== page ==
BackpackGearTest
  Home Guest - Not logged in 

Reviews > Hydration Systems > Thermos Flasks > Avex Highland AUTOSEAL Travel Mug > Test Report by Steven M Kidd

AVEX HIGHLAND AUTOSEAL STAINLESS TRAVEL MUGS
TEST SERIES BY STEVEN M. KIDD
INITIAL REPORT
June 11, 2014

TESTER INFORMATION

NAME: Steven M. Kidd
EMAIL: ftroop94ATgmailDOTcom
AGE: 42
LOCATION: Franklin, Tennessee
GENDER:
HEIGHT: 5' 9" (1.75 m)
WEIGHT: 179 lb (81.20 kg)

Backpacking Background: I've been a backpacker on and off for over 30 years. I backpacked as a Boy Scout, and then again almost every month in my twenties, while packing an average weight of 50+ lbs (23+ kg). In the last several years I have become a hammock camping enthusiast. I generally go on one or two night outings that cover between 5 to 20 mi (8 - 32 km) distances. I try to keep the all-inclusive weight of my pack under 20 lb (9 kg) even in the winter.


INITIAL REPORT

PRODUCT INFORMATION & SPECIFICATIONS

IMAGE 1
AVEX 2O OZ BLACK MATTE HIGHLAND
IMAGE 2
AVEX 16 OZ STAINLESS HIGHLAND

Manufacturer: Avex
Year of Manufacture: 2014
Manufacturer's Website: http://www.avexsport.com
Testing: 20 oz (591 ml) Stainless Matte Travel Mug & 16 oz (473 ml) Stainless Travel Mug
MSRP: Larger Mug - US $24.99; Smaller Mug - US $22.99
Listed Weights: N/A
Measured Weights: Bottle + Lid -- Larger Mug - 13.2 oz (375 g); Smaller Mug - 12.0 oz (341 g)
Measured Weights: Bottle -- Larger Mug - 10.1 oz (285 g); Smaller Mug - 8.9 oz (251 g)
Measured Weights: Lid -- Larger Mug - 3.1 oz (90 g); Smaller Mug - 3.1 oz (90 g)
Listed Height & Widths: -- Larger Mug - 9.25 in x 3.30 in (23.5 cm x 8.4 cm); Smaller Mug - 8.8 in x 3.3 in (22.4 cm x 8.4 cm)
Measured Heights: -- Larger Mug - 9.5 in (24.1 cm); Smaller Mug - 8.625 in (21.9 cm)
Measured Lid Widths: 3.125 in x 2.625 in (7.9 cm x 6.7 cm) for Both Lids
Measured Base Widths: -- Larger Mug - 2.875 in (7.3cm); Smaller Mug - 2.625 in (6.7 cm)
Listed Capacities: -- Larger Mug - 20 fl oz (591 ml); Smaller Mug - 16 fl oz (473 ml)
Measured Capacities to Brim: -- Larger Mug - 22 fl oz (651 ml); Smaller Mug - 18 fl oz (532 ml)
Listed Hot Insulating Times: -- Larger Mug - Up to 7 hours; Smaller Mug - Up to 5 hours
Listed Cold Insulating Times: -- Larger Mug - Up to 20 hours; Smaller Mug - Up to 14 hours





The Highland AUTOSEAL Travel Mugs are stainless steel insulated bottles designed to keep liquids both hot and cold. The smaller mug with a traditional stainless finish and red accents claims to keep liquids hot for up to 5 hours and cold for up to 14 hours. The larger mug is a new model in stainless, but with black matte with black and gray accents. The larger model claims extended hot times up to 7 hours and cold for up to 20 hours. They use lids with the patented AUTOSEAL technology designed to be both spill and leak-proof. The mug spouts are opened for sipping by depressing the AUTOSEAL buttons and are sealed by releasing them. The Highland lids also offer button locks that don't allow the AUTOSEAL button to be depressed and ensuring liquids can't be spilled. The mugs are made with double walled stainless steel that is designed to both insulate the liquids within, as well as eliminating external condensation. The mug bodies are vacuum insulated.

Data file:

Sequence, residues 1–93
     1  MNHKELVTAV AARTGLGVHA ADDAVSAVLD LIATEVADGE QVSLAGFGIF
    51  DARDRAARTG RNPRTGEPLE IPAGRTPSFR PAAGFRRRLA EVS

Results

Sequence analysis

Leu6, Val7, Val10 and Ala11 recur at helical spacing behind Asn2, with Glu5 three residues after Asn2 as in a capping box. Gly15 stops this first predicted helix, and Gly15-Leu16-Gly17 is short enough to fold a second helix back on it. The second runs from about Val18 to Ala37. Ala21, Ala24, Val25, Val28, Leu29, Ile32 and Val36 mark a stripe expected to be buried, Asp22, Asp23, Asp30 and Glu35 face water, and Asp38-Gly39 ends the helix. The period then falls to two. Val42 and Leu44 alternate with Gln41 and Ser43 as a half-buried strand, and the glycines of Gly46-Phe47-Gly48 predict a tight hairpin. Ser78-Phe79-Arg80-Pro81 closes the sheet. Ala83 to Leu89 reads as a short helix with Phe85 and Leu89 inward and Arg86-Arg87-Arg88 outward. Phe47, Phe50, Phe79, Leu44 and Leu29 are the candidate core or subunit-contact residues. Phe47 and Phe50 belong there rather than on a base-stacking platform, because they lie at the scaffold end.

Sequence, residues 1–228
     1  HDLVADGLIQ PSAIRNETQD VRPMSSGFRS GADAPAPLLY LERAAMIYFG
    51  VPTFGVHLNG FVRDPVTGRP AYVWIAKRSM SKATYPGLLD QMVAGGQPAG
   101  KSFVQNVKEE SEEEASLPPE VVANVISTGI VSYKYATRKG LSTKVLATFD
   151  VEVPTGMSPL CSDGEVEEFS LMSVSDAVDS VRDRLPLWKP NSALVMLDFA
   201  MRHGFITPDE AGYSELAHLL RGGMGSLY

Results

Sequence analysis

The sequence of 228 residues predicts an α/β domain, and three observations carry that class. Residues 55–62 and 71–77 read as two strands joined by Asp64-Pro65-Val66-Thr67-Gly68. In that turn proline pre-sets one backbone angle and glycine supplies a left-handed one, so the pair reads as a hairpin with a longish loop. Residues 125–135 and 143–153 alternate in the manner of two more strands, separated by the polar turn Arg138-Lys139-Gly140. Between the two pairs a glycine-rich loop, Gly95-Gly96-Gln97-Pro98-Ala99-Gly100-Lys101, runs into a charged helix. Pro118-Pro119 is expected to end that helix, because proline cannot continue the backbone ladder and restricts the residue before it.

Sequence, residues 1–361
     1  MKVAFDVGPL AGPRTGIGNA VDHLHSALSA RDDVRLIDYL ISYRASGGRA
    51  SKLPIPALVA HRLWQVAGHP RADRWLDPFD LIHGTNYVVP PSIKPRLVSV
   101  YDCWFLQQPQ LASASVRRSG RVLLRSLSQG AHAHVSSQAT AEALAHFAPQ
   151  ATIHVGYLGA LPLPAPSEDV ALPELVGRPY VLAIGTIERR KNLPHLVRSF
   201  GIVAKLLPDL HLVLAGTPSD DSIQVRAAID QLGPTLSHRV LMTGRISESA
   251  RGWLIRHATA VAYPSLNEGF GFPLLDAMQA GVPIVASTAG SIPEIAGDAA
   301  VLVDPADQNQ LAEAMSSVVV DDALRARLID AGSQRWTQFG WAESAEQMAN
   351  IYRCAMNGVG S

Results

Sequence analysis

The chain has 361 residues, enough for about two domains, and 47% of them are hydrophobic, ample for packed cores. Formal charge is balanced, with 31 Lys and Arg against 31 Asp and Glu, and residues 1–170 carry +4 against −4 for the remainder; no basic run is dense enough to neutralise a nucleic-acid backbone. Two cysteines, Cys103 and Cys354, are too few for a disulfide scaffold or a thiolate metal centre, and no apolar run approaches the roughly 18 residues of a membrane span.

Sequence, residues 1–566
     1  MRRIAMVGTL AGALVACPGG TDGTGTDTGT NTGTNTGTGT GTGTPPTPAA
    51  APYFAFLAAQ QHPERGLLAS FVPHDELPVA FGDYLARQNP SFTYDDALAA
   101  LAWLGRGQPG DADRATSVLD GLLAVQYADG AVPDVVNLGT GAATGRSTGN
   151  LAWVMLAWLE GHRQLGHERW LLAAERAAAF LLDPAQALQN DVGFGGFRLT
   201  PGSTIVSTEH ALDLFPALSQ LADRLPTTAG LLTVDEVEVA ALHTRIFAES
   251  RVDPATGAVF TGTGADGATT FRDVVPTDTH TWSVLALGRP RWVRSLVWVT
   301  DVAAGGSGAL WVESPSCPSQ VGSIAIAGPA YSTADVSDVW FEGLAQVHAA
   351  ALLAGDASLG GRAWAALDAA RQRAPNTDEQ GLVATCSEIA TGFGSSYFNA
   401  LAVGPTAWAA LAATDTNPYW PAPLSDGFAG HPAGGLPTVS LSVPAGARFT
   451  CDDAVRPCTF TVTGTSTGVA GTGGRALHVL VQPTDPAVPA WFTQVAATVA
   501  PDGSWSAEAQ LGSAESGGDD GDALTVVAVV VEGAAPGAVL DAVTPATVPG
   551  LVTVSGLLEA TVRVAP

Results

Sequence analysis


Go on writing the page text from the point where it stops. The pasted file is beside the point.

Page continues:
The mugs are designed to fit into auto cup holders and they offer patent-pending, dishwasher-safe bases that are designed to grip table tops and minimize the sound of metal clanking.
IMAGE 3
NOTE LOCKED (RED) VS. UNLOCKED POSITIONS

Both allow for one-hand operation and are made with 100% FDA-approved plastic materials. The website does not clarify if the plastics are BPA free. The FDA statement and BPA omission leads me to believe there is BPA in the lid, but I can't confirm or deny this, it is merely my opinion.

The bottles are not intended for use with pulpy beverages. They are not to be microwaved or frozen, and should not be cleaned with cleaners containing bleach, chlorine, abrasives or other harsh chemicals.

Both the lids and bodies are top rack dishwasher safe, however, they also may be cleaned by flushing the spouts with warm water or soaked in warm water for at least 10 minutes. The products should always be stored with the lid removed to ensure the parts are allowed to dry completely.

There are several warnings stated that particularly tend to lean toward hot beverage use. The warnings clearly state to always depress the AUTOSEAL button with the mug in an upright position and away from the face in order to release pressure before drinking. The body should never be overfilled and if the mug is filled with boiling water any liquid should be allowed to cool for at least three (3) minutes with the lid removed.

INITIAL IMPRESSIONS

The Avex Highland AUTOSEAL Stainless Travel Mugs appear to be a well-made products series. Upon immediately picking up the mugs I found them considerably heavier than the average hydration bag I currently use in the backcountry. I generally carry hydration bags that weigh in just around an ounce (28 g), but they offer absolutely no insulating properties.

Although the Highland series offer features like the AUTOSEAL with a button lock that suggests preventing spills in backpacks and other gear, I personally see this product designed for keeping beverages insulated during commuter travel or office work. This is merely my opinion, and I plan to test the mugs in both outdoor, exercise and the aforementioned conditions.

The design has many interesting features that intrigue me. I was immediately impressed with the base grip that both allowed the mugs to remain secure to a table top while not creating excessive noise in an office setting. I also found it interesting that the lid threaded into the base on the interior of the bottle. Nearly every bottle or mug I've ever owned thread on the exterior. In fact, I can't think of any bottle/mug I've owned that threads in such a manner.